Captain Warren R. Cobean, Jr., USN (Ret), 84, died at home in Greenwich, CT on June 27, 2007. He will be best remembered as one of the original members of Admiral Rickover’s Nuclear Navy and as the first reactor officer and later executive officer of USS NAUTILUS, the world’s first nuclear submarine.
Captain Cobean, or “Bus” as he was known, is survived by his wife of 61 years, Jean Beaumont Cobean; sister Ruth C. McPherson; son Warren R. Cobean III; son Charles S. Cobean; daughter Lisa C. Muse; and nine grandchildren and four great-grandchildren.
Bus Cobean was born in Montevideo, Uruguay, in 1923 and spent the first eight years of his life in Monterrey, Mexico, before his parents returned to the U.S. He spent the rest of his youth in Roswell, New Mexico, working on his uncle’s ranch, and, later, attending New Mexico Military Institute. He always blamed his ugly feet on a life of ill-fitting boots.
He entered the U.S. Naval Academy in 1943, where he wrestled and played Plebe and Jayvee football. A blocking back, he was ultimately kicked off the football team for losing too many teeth.
It was at the Naval Academy where he met his wife-to-be, Jean Beaumont. The daughter of Captain Charles Beaumont, then teaching at the Academy, Jean was, so the story goes, dating Bus’s roommate. The roommate got sick on the eve of a big dance and asked Bus to escort his date in his place. He dutifully stepped in, and that was the beginning of a lifelong love affair.
Because of World War II, the famed class of ’47 graduated in three years, in 1946. He served first in NEW JERSEY (BB-62), then LST6 l l. But the world under the sea had captured his interest, and in 1949 he graduated from Submarine School. He then served in BESUGO (SS-321) before becoming Aide and Flag Lieutenant to the Commander Submarine Force, US Pacific Fleet.
It was shortly thereafter that Admiral Rickover picked him to be in the first group of four officers to help him reach his dream of creating a Nuclear Navy. He once said, .. All those stories about Rickover putting people in closets and shortening the legs of chairs just to intimidate them-they’re all true.”
With the others in this select group, then-Lt. Cobean reported to the Pittsburgh Area Office of the Atomic Energy Commission for instruction in the operation of nuclear propulsion plants and for graduate studies in nuclear power at University of Pittsburgh and Bettis Atomic Energy Lab.
His training came to fruition in Idaho Falls, Idaho, at the Naval Reactor Center, where he participated in the initial criticality of the first naval nuclear propulsion prototype. The biggest challenge, he said, was to fit a working reactor into the prototype hull replicating NAUTILUS, which was then under construction in New London. The work at Idaho Falls was ultimately successful, and Warren Cobean was the first member of the U.S. Navy to bring a reactor critical. He was granted reactor license number #1.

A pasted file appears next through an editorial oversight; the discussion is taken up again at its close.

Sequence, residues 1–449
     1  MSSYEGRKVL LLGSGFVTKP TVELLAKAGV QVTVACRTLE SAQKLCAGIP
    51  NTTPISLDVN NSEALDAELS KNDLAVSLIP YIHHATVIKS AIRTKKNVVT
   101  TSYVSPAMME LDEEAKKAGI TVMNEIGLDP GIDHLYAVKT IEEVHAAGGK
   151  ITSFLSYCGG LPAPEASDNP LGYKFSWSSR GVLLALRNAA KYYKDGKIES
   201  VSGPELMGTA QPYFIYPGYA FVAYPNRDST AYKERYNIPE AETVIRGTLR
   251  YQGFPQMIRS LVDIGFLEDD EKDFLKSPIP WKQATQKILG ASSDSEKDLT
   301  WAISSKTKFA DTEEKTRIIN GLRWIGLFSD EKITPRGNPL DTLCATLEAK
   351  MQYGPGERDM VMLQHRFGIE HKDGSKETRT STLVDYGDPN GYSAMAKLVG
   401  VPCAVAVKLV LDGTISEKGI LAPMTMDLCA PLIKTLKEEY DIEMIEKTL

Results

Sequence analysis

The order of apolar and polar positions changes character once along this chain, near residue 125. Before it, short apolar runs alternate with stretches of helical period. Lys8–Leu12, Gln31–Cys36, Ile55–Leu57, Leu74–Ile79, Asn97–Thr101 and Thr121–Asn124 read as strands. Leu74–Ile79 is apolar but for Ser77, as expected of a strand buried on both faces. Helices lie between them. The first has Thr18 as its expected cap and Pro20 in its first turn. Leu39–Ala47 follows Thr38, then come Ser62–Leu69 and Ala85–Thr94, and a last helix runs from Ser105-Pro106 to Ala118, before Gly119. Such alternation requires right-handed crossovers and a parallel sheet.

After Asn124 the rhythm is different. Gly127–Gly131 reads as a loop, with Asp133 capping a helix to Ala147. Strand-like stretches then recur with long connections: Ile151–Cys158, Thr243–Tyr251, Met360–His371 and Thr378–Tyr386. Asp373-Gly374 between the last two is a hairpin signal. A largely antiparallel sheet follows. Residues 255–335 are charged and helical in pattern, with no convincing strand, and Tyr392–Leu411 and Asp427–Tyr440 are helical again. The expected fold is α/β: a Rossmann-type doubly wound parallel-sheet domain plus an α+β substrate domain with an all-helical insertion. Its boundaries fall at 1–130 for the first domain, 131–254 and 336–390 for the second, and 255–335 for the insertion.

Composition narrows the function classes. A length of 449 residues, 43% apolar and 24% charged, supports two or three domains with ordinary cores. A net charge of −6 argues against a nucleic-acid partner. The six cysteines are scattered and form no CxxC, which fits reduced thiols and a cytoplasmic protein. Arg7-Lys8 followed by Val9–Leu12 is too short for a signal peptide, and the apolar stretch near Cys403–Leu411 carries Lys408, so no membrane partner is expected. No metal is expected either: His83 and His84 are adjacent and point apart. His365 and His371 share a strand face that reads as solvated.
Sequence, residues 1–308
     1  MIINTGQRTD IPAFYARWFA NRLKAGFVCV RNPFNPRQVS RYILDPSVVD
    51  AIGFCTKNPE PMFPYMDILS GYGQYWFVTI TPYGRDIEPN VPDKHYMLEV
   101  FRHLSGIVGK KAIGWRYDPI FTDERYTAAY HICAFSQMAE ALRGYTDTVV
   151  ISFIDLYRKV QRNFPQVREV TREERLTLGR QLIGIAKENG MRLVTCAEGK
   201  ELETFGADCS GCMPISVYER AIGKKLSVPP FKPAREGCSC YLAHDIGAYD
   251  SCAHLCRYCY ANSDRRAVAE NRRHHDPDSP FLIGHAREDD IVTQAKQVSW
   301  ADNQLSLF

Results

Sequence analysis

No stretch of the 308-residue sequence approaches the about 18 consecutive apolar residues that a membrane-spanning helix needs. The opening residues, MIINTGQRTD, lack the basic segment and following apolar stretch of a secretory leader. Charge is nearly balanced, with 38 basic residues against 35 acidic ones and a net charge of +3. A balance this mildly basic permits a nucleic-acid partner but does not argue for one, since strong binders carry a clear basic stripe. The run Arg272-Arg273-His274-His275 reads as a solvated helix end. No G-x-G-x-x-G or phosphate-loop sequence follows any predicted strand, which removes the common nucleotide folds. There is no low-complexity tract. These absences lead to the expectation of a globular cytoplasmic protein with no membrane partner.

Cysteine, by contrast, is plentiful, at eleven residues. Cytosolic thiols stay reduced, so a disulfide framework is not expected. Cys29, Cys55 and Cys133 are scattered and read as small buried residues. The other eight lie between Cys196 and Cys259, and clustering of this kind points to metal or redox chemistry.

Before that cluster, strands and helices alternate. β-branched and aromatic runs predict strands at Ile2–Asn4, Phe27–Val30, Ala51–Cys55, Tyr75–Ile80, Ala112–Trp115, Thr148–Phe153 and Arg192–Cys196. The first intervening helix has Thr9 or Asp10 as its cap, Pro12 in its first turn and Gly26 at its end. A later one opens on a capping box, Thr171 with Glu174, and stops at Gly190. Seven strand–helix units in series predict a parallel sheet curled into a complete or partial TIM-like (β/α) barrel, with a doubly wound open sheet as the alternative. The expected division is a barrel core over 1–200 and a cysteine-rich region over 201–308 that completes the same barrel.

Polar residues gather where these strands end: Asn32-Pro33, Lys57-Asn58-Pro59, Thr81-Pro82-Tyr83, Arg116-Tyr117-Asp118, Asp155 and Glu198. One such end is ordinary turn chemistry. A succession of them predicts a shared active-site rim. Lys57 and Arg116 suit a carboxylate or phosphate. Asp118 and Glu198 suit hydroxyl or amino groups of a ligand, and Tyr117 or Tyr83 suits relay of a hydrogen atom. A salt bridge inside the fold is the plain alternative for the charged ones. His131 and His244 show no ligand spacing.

From March, 1954, to January, 1958, he served on NAUTILUS (SSN-571) as part of the commissioning crew, first as Reactor Officer and then as Executive Officer. He participated in the first arctic exploration by a nuclear submarine and completed a cruise that became known as 20,000 Leagues under the Sea.
During this time he was designated as Qualified for Command of Submarines and soon received his first command, TIRU (SS-416), stationed in Pearl Harbor. TIRU won the coveted “E” for excellence, not once, but twice in consecutive years.
After the TIRU, he served on the staff of Commander Submarine Squadron 14 from 1959 to 1961, which at the time was formulating plans for the training, construction, testing, and deployment of the first fleet of Ballistic Missile Submarines.
He returned to sea duty in 1961 as captain of HALIBUT (SSGN-587). a one-of-a-kind nuclear-powered guided missile submarine. HALIBUT, too, earned the “E” for excellence while Capt. Cobean was in command.
His most harrowing assignment (at least of those he would talk about) was during the Cuban Missile Crisis in 1962. Instead of joining the blockade of Cuba, the HALIBUT’s orders were to travel to Vladivostok and sit on the sea floor to monitor the movements of the Soviet fleet. Should the Soviet Navy appear to make a move to confront the naval blockade around Cuba, that would be considered an act of war, and the HALIBUT was to surface and attempt to stop the Soviet fleet. Fortunately, the Soviets backed down in Cuba, and the order was never sent.
From 1963 to 1966, Capt. Cobean commanded JAMES MON-ROE (SSBN-622), and from 1966 to 1967 commanded GEORGE C. MARSHALL (SSGN-654), both of which began active duty under his command.
He became Deputy Director of the Strategic Systems Project, which directed both the Poseidon and Trident missile systems, from 1968 until 1972, when he retired, receiving the Legion of Merit. During this period, he earned an MBA from Harvard Business School.
Captain Cobean began his second career, first at Con Edison in New York, and later at Bums and Roe, in New Jersey, where he eventually became President. After retiring from Bums and Roe, he became a consultant to the Boards of TVA, Duke Power, Toledo Edison, and other utilities.
His ashes were committed with honors at the USNA Columbarium after services in the Chapel on 23 July.
– Charles S. Cobean